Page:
As a journalist, I’ve spent a little time in the Middle East over the years but not in the Persian Gulf states and not in Saudi Arabia. So, while grateful as a viewer to see this film, that lack of experience adds to my reluctance to take much of a substantive stance on this program and judge the criticism. I did, however, ask three former colleagues who do have experience in Saudi what they thought of the film. I asked them all individually, and independent of each other, and said it was just for my background, so I’m not quoting anyone.

Their Thoughts

Here’s a summation of the points they raised. First, they all felt that there was a lot of good and dramatic material in the film. But they all also suggested, in various ways, that there were other things going on that are important but didn’t really come through. Also, they all raised some of the same points that Rob Wagner did in his letter.

For example, two of those I consulted said that the urban slums that were filmed were typically populated not by poor Saudis but by Yeminis, South Asians and Africans, mostly people who entered on pilgrimage visas and never went home or other immigrants or tribal people with no papers. They also took issue with “the avenue of palaces” as it was described, and said these were homes where wealthy people lived but not royal palaces. There was some question of whether the film inside a prison, though very powerful, might have been a detention center for foreigners, perhaps for deportation, but not for Saudis.

In a broader sense, as I heard their comments, there were some larger themes that they felt were missing, a real struggle between the old society and a new one where youth and, above all, women are pushing the limits. I, personally, felt that the former UK ambassador and CIA analysts were good and helpful on those broad themes, even though the guts of this film were meant to show scenes and people we are not used to seeing.

Those I asked agreed that the role of the women in the film was important and well done. As one pointed out, there are now more women graduating from the universities than men, and that women now can vote and stand for office in municipal elections – which was shown in the film – and that 20 of them got elected.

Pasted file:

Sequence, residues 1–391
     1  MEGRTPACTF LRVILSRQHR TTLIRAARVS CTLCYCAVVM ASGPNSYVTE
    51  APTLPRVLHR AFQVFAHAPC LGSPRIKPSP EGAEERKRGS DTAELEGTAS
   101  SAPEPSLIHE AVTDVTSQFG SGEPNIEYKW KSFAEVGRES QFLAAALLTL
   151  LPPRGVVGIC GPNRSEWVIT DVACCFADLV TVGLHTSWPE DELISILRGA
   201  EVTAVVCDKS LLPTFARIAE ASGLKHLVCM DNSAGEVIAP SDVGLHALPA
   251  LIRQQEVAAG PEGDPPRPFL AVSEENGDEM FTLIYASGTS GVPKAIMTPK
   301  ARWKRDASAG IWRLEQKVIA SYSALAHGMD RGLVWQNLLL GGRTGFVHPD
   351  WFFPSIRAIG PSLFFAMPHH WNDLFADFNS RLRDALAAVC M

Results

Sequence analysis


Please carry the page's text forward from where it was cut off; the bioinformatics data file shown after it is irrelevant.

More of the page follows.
They made some other points individually, although they come together for a bigger picture. I can’t judge them, but they are interesting. The Saudis are not in an insurrectionary mood, one said. For one thing, added another, they fear what might come next after the House of Saud – tribalism, religious and ethnic divisions, civil war. The all-consuming struggle, as a third one put it, was between the Wahhabi religious establishment and the youth bulge pushing for social and artistic freedom and fed up with being pushed around by clerics. But the greatest threat to the Kingdom, it was suggested, is not from the liberals and the Shia minority but from the Islamists, both peaceful and violent.

Frontline Gets a Final Word

Because I took the unusual step of asking others with more experience with Saudi Arabia than I’ve had to view the film, I also asked Frontline Managing Editor Andrew Metz to have the last word. Here is what he said:

“When we take on an untraditional project like this we do it very cautiously, after lots of trust building and always with adherence to high standards. We don’t do it all that often and we only undertake this kind of reporting when necessary and when it’s the only way to get at something.” With respect to the urban slum and prison scenes, for example, Metz says, “There was a rigorous process to verify footage. Our producers say they spoke to Saudis in those areas. The footage was double and triple checked.” As for the prison footage, Metz points to the “contrast between our efforts to ensure its accuracy and the comments to you that come as unsubstantiated allegations with no specific information or burden of proof. As for the broad assessments, to be clear, I agree with some of the comments your colleagues made regarding the issues and challenges facing Saudi Arabia today. Saudi is a big subject…a huge topic.”

Posted on April 18, 2016 at 10:57 a.m.

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ABOUT THE OMBUDSMAN
As ombudsman, Michael Getler serves as an independent internal critic within PBS. He reviews commentary and criticism from viewers and seeks to ensure that PBS upholds its own standards of editorial integrity. Read More >